1. Limited Corporation Choices: There are only a few firms in the market 
  2. Limited Diversity of Products: The products offered by the firms in the market are similar or identical. 
  3. Limited Price Differences: The firms in the market are interdependent, meaning they are aware of and affect each other’s pricing and output decisions. 

Oligopoly examples 

Oligopolies can also arise when there are economies of scale present. This means that it is cheaper for a few large firms to produce the product than it would be for many small firms. 

For example, the aircraft manufacturing industry is an oligopoly because of the high barriers to entry, such as the need for large factories and expensive equipment. Another example of an oligopoly is the petroleum market. 

The Organization of Petroleum Exporting Countries (OPEC) is an example of a cartel that has been able to influence the price of oil. The United States automobile industry is also a good example of an oligopoly. 

There are only a few large firms that produce cars, such as General Motors, Ford, and Chrysler. These firms have been able to survive because they have been able to maintain high barriers to entry.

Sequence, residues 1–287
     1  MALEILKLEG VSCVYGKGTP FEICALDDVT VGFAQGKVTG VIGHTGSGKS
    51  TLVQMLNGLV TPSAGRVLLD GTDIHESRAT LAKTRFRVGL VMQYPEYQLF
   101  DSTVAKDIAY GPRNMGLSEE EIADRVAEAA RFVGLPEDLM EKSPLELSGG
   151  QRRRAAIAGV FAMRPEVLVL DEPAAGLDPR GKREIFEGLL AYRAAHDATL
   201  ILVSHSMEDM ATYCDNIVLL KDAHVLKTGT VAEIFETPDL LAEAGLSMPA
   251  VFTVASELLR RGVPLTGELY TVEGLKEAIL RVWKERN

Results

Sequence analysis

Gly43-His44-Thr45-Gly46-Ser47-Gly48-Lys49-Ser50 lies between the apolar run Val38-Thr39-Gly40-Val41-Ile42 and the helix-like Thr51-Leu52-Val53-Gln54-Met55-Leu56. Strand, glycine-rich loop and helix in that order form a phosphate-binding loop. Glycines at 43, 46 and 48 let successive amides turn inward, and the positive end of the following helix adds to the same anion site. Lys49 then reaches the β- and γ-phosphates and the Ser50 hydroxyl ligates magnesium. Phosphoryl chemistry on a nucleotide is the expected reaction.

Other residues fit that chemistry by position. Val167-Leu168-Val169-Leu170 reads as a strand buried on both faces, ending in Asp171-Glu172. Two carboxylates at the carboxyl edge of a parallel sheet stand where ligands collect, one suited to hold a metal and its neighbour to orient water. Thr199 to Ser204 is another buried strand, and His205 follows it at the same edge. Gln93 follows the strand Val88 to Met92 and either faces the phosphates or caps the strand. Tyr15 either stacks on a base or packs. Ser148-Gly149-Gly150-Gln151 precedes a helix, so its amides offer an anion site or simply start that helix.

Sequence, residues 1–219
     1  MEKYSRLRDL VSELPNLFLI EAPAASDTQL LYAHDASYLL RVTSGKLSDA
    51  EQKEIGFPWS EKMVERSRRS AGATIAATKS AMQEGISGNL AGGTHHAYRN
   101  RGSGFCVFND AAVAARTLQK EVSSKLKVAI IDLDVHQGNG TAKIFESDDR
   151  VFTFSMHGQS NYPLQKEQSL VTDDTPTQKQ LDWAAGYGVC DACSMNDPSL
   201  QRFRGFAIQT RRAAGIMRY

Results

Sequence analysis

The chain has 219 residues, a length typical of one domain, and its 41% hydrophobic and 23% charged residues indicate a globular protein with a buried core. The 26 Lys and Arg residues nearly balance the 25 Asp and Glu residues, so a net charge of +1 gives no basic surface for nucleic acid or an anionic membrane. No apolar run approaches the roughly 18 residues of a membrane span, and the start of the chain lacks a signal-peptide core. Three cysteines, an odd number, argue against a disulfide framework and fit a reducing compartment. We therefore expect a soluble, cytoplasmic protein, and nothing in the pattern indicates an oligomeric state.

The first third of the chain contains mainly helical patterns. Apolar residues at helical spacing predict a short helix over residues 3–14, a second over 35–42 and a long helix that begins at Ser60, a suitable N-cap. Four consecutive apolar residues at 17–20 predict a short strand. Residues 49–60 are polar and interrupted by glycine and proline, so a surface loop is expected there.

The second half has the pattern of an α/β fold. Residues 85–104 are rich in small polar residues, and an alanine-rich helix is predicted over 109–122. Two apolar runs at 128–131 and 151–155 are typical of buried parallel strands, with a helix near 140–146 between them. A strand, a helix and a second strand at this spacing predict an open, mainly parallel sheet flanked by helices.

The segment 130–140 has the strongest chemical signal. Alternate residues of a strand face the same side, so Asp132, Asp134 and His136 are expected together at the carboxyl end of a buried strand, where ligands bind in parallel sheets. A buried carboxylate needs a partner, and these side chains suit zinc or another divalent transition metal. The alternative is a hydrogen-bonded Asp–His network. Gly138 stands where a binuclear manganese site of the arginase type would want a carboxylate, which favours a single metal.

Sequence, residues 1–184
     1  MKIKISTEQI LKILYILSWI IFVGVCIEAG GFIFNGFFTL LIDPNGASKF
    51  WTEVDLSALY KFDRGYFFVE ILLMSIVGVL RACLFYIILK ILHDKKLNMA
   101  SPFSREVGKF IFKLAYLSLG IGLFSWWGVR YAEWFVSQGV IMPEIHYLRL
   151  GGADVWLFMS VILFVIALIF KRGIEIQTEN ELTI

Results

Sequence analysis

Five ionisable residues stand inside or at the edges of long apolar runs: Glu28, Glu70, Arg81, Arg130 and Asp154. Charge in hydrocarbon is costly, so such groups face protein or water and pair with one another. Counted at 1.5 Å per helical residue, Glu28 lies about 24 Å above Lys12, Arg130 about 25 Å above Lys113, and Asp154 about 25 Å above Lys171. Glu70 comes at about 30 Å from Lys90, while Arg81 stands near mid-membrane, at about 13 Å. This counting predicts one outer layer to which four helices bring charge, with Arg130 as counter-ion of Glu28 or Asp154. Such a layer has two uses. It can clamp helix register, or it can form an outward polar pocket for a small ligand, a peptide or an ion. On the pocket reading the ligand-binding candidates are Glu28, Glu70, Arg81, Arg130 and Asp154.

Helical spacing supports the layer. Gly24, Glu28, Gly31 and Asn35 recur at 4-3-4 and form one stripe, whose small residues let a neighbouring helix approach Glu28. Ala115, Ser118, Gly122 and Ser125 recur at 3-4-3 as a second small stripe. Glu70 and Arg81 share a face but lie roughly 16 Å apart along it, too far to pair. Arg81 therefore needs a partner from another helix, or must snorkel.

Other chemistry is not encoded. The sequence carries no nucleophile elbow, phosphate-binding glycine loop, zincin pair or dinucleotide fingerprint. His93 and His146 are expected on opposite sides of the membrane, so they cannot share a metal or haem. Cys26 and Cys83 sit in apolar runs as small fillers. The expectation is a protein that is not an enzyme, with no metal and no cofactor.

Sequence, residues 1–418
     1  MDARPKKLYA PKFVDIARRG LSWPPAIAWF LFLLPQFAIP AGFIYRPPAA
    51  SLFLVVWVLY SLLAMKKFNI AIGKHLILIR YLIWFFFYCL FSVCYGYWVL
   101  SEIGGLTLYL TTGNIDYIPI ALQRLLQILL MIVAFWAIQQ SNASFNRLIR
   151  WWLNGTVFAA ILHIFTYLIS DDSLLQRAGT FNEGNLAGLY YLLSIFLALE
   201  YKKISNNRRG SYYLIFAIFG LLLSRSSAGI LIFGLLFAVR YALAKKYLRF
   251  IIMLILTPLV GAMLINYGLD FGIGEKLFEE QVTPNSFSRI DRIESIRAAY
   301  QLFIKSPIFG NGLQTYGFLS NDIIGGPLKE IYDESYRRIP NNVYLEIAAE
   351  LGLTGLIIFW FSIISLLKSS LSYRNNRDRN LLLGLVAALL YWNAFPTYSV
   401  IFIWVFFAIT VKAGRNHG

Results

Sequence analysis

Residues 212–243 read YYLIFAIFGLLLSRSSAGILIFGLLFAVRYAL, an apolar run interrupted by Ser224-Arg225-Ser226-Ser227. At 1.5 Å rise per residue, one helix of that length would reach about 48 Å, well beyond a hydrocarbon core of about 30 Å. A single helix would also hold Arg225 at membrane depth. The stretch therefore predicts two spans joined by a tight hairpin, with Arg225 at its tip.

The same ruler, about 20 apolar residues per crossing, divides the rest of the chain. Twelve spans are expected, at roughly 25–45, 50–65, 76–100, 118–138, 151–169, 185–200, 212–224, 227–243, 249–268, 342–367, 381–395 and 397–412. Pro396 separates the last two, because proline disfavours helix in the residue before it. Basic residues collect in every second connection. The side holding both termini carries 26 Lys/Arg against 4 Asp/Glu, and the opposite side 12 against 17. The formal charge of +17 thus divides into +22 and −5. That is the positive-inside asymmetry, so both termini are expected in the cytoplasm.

For example, it is very expensive to set up an automobile manufacturing plant. However, the automobile industry has not made it difficult for a competitor to enter the market through unethical means. Japanese carmakers, such as Toyota and Honda, have been able to successfully compete in the United States market by using different automobile models. 

Tesla has also been able to enter the market and compete successfully. Thus, we see that oligopolies can take different forms and there are a variety of factors that can lead to the formation of an oligopoly. 

In the next section, we will discuss the different types of market structures. 

Oligopoly vs Monopoly vs Perfect competition 

In an oligopoly, there are only a small number of firms that produce all or most of the output in the market. In contrast, a monopoly is a market structure in which only one firm produces all or most of the output. And finally, perfect competition is a market structure in which many small firms compete against each other.